Turkey central bank ramps up interest rates to 40%

LONDON (Reuters) – Turkey’s central bank delivered a larger-than-expected 500 basis point interest rate hike on Thursday, lifting its benchmark to 40% but also flagging that the pace of monetary tightening was set to slow down and the end of the cycle was in sight.

Below reaction from analysts to the decision:


“(Turkey’s central bank) suggested that it is very close to the end of the tightening cycle. A final 250bp hike in December now looks likely. For the central bank to have any chance of achieving single digit inflation this decade, rates will need to stay at this level for some time.”

“The past month has brought further signs that Turkey’s economy is rebalancing in response to the policy U-turn in May. Credit growth has slowed, retail sales have weakened and the current account deficit has narrowed. Inflation pressures have cooled too and inflation expectations have started to fall.”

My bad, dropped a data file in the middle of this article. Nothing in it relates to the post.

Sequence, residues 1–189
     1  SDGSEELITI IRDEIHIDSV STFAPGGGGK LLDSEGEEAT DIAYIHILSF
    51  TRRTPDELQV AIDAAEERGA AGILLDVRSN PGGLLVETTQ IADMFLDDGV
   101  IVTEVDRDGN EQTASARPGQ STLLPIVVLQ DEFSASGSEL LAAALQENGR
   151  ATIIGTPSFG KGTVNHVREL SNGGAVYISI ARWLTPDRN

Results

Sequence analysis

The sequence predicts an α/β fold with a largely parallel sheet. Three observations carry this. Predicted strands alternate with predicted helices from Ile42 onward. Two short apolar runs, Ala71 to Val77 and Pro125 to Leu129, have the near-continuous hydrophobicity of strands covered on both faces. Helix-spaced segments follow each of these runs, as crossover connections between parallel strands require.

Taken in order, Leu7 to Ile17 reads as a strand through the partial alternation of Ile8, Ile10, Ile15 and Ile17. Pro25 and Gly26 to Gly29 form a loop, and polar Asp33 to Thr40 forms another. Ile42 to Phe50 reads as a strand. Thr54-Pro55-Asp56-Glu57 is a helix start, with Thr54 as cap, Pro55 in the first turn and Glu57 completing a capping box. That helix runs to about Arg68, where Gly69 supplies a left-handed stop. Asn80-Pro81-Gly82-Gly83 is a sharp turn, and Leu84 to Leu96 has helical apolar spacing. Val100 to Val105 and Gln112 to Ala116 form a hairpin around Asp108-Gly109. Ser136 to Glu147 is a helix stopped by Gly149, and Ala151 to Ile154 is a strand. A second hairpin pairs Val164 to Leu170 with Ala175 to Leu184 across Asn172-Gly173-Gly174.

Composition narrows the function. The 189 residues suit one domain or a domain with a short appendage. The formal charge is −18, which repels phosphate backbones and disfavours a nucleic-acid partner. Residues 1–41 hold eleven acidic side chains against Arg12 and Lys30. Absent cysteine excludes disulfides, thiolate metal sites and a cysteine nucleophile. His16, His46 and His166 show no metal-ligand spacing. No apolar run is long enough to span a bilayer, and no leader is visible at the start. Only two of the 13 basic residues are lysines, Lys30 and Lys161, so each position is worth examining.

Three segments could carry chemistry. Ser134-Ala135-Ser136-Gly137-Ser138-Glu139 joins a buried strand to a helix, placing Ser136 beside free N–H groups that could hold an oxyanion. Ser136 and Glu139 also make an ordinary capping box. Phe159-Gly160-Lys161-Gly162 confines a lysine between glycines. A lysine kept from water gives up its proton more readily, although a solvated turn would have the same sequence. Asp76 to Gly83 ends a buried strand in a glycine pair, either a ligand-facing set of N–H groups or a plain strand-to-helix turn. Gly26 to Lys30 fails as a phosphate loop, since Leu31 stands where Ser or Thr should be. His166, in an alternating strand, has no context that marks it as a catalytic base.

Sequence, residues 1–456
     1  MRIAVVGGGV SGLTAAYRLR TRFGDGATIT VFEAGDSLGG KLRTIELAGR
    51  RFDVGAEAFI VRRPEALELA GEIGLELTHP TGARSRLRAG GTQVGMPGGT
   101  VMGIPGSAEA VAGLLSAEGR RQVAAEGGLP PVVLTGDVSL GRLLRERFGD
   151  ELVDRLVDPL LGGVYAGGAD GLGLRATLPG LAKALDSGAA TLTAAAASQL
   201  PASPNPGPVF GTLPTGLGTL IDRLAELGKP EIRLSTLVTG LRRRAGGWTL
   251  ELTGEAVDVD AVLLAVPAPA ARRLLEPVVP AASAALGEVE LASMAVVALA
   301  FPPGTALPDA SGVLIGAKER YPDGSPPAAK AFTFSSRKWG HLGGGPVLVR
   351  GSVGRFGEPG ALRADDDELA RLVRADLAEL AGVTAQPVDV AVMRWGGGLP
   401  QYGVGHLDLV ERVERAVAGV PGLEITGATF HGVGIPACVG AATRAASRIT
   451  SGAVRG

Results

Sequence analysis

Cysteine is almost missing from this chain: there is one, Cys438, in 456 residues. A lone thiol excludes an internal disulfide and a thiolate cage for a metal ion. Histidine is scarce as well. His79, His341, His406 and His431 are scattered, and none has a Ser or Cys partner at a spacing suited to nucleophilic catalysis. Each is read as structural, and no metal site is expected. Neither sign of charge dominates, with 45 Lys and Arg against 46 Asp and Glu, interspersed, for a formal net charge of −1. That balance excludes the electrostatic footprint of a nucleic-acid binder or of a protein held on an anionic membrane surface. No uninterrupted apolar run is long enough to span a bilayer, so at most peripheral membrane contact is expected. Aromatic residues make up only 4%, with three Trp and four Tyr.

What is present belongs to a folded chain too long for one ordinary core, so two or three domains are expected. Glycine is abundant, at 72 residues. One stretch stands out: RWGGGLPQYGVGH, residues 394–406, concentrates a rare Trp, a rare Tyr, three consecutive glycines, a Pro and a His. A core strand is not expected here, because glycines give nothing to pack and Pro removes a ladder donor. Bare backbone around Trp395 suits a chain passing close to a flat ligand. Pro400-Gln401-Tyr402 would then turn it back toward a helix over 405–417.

“In October the annual inflation rate inched lower and external price dynamics have turned a tad more favourable. At the same time, the macroeconomic backdrop remains extremely challenging. The risk of a sharp slowdown in activity points to less aggressive continuation of the tightening cycle. We see the one-week repo peaking around 45%. We expect slower hikes ahead as we get closer to this level and the policy stance became more restrictive.”

“The markets might remain uncertain if further hikes are on the table and fear the (central bank) might opt to pause the tightening until the local elections in March. In this context, the next couple of months will put the (central bank)’s independence and determination to stick to a more orthodox stance to the test.”

(Reporting by Karin Strohecker and Ezgi Erkoyun, editing by Susan Fenton)